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Little did American cartoonist, Rube Goldberg, realize that his drawings of zany and complex contraptions would one day inspire competitions around the world and inform STEM and STEAM learning in schools. Third grade students at WSD were recently introduced to these famous machines, which are typically designed so that overly complicated chain reactions perform simple tasks. In planning, creating, testing, and adjusting their own Rube Goldberg machines, students built on a variety of concepts in physics, engineering, and design.

To get inspired, students watched videos and did activities to learn more about Rube Goldberg machines. Working in groups of 3 – 5, each team was given the same problem to solve — an astronaut (represented as an egg) that needed to be ejected from its spaceship and land unharmed. Each group was provided with the same materials, but team members were also allowed to bring in outside materials from home, all of which were recyclable or reusable. Even though machines were essentially performing the same function, each machine was unique and each reflected the creativity and ingenuity of the group.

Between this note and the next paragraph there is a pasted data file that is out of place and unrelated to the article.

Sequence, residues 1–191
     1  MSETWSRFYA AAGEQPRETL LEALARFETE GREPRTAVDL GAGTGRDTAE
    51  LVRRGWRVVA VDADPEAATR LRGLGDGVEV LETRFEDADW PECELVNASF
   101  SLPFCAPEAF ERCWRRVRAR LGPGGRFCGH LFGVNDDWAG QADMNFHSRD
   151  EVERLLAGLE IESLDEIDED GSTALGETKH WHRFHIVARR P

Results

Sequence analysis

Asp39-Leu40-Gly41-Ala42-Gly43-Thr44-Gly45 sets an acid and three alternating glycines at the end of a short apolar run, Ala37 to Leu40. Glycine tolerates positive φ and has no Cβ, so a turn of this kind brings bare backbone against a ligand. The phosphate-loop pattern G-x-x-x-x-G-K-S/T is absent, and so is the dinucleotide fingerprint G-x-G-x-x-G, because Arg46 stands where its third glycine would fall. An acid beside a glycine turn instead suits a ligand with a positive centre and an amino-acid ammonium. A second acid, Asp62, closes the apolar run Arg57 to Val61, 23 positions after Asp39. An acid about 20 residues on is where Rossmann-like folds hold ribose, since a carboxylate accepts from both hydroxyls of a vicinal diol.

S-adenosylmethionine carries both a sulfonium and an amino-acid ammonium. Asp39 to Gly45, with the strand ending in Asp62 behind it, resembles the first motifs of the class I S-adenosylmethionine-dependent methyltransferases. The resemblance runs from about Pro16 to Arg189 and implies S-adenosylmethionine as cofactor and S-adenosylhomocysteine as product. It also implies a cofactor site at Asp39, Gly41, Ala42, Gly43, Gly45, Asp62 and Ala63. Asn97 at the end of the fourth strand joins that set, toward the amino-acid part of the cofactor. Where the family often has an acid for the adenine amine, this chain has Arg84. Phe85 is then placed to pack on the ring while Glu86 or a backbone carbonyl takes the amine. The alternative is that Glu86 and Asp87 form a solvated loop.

The value of a Rube Goldberg machine project is wide reaching, as it incorporates multiple academic subjects and explicitly teaches concepts such as simple machines, cause and effect, force and motion, and energy and friction. It is also a perfect project to develop the softer skills of creativity and collaboration. Students learn to brainstorm ideas, communicate productively, give and receive feedback, and effectively implement the group’s design. And let’s not forget that failure is an essential part of the process. The machines rarely work on the first try, requiring students to troubleshoot and become even more creative!